Constitutional scholars are weighing in on Monday's ruling that Congress exceeded its authority when it passed health care reform legislation that included an individual mandate that every person must buy health insurance.
Legal analyst Stuart Taylor, a contributing editor for National Journal and Newsweek, says that the U.S. Supreme Court won't take much notice until after the appellate courts make their rulings, likely in 2012 or 2013, but add that timetable sets up an issue for the 2014 presidential race.
That's also the year that many of health care reform's biggest changes take effect.
Analysts note that U.S. district court judges have split along party lines, with two Democratic appointees ruling the legislation is Constitutional and two Republican appointees ruling it isn't.
Legal expert Jeff Toobin says such disagreements among judges are why we have a Supreme Court. He adds that any eventual ruling might come down to a swing vote by Justice Kennedy. Toobin may have insight here, since he authored the book "The Nine," an insider's look at the normally shielded inner workings of the chamber.
Conservative analyst Robert Alt from The Heritage Foundation says the judges who have ruled against health care reform have presented more fully developed decisions that affect more litigants. The plaintiffs in Monday's suit were the governors or attorneys general of 26 states.
"This is important because, contrary to the White House spin, litigation is not a scoreboard," he writes. "It is not enough to say that you have won some and lost some. Some district court wins 'count' more, because they are more indicative of what is likely to come next. Here, the cases the administration has lost have been better developed, have significant and sophisticated parties, and are in a better position for appeal than the more cursory cases that they have won at more preliminary stages."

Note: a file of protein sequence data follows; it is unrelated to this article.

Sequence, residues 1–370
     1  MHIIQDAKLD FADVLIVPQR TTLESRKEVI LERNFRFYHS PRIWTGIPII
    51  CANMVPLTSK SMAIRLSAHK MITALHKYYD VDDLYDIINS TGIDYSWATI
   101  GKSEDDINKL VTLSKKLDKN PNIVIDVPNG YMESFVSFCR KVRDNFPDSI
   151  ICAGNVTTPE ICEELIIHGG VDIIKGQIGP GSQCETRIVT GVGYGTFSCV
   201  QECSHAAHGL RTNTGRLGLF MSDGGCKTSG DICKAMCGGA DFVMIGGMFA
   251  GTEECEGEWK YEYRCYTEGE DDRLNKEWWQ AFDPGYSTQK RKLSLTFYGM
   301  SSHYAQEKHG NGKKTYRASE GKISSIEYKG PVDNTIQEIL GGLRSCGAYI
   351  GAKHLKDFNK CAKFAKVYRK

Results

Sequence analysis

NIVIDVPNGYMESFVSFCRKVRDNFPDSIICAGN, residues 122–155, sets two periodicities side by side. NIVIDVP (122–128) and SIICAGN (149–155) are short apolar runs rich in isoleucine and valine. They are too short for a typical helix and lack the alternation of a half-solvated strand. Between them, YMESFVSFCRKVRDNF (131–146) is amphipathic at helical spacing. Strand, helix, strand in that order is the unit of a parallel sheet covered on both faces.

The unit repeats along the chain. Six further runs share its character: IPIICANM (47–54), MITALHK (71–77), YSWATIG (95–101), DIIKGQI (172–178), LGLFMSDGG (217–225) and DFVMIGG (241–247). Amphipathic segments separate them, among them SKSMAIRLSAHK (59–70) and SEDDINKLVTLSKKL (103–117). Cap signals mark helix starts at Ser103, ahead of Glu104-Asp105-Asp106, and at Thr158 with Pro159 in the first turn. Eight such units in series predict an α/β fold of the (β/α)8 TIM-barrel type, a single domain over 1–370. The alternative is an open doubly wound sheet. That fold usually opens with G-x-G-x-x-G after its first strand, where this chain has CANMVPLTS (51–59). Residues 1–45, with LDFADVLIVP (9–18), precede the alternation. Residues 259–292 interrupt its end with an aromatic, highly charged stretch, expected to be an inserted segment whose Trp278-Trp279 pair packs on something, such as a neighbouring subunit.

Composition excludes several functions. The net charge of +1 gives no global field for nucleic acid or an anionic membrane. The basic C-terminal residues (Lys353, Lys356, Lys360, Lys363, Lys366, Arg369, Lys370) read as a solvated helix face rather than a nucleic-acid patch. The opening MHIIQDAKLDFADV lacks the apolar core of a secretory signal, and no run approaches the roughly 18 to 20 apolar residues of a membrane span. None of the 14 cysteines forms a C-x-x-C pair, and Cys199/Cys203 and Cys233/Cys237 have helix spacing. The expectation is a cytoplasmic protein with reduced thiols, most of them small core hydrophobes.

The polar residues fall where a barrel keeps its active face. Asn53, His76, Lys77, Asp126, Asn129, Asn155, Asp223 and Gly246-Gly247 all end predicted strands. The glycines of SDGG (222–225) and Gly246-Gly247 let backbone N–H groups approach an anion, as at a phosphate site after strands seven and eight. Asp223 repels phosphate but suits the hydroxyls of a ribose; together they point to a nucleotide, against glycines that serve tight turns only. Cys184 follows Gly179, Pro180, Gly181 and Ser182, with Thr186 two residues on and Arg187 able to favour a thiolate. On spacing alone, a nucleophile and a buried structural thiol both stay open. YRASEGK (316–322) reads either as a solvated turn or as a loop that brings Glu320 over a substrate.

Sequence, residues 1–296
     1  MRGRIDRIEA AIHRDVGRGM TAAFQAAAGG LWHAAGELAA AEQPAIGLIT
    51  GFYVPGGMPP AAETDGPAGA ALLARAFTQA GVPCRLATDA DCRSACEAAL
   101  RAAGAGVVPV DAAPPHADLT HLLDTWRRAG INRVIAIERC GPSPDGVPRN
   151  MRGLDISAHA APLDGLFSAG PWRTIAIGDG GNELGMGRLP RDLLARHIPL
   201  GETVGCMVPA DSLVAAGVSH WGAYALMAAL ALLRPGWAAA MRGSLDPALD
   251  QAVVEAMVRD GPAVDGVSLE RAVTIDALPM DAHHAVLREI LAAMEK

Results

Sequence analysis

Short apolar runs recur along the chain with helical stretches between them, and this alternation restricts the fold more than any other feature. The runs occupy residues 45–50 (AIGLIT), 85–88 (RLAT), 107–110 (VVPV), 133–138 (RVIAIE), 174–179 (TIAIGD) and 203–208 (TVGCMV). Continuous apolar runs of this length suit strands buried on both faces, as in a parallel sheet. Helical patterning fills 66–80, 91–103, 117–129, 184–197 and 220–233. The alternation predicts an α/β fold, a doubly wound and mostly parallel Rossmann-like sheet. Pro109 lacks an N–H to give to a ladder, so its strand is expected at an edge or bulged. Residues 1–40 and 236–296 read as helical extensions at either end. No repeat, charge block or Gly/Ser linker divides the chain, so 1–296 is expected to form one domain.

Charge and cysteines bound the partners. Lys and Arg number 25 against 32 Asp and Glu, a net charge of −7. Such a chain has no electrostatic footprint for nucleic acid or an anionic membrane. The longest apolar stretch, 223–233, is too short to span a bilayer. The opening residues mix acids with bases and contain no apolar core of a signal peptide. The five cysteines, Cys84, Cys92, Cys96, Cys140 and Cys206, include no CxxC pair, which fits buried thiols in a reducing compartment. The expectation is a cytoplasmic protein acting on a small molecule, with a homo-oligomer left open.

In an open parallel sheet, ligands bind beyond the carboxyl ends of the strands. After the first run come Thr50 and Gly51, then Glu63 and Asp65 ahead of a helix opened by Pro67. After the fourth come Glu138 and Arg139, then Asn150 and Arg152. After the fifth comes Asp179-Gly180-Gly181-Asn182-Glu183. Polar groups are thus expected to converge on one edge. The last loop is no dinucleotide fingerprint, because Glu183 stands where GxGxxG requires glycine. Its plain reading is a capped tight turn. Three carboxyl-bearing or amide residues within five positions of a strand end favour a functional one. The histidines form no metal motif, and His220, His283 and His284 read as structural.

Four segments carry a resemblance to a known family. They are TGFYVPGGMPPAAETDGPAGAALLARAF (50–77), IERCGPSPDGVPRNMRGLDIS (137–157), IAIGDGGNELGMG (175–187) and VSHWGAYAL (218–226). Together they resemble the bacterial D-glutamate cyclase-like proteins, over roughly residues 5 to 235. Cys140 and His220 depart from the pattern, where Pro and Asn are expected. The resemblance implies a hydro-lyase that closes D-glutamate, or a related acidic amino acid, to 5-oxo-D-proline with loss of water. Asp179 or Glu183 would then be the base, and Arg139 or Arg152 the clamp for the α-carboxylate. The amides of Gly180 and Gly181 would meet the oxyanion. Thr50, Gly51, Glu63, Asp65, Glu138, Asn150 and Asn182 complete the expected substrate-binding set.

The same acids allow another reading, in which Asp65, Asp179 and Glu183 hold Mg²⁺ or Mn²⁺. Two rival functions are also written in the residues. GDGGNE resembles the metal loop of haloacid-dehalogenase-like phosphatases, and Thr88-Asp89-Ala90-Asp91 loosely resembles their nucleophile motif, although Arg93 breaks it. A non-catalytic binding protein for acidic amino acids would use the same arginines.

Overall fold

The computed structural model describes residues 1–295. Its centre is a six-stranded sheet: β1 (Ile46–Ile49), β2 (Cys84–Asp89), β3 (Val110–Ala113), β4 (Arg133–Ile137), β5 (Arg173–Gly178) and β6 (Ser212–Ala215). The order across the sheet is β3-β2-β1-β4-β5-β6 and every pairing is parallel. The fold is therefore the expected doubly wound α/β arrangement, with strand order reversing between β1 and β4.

Columbia Law School Professor Gillian Metzger, who has written previously on why the new federal health care law passes constitutional muster, said in a press release that the most recent ruling goes against precedent both in its take on Congressional power and its refusal to acknowledge "severability." The idea is that even when one part of the law in ruled unconstitutional, the rest of the law stands, even when severability isn't written into it.
"The Court has made clear that Congress has broad power to regulate economic activity comprehensively under the Commerce and Necessary and Proper Clauses," he writes. "That is what Congress did here: It comprehensively regulated the activity of accessing healthcare, in the process imposing on the insured the obligation to purchase health insurance to pay for the estimated $43 billion in uncompensated health care services they use annually."
Meanwhile, members of the Tea Party are taking heart from the judge's ruling, which started, continued and concluded with quotes from the strongly federalist Founding Fathers. They see it as a validation of their views.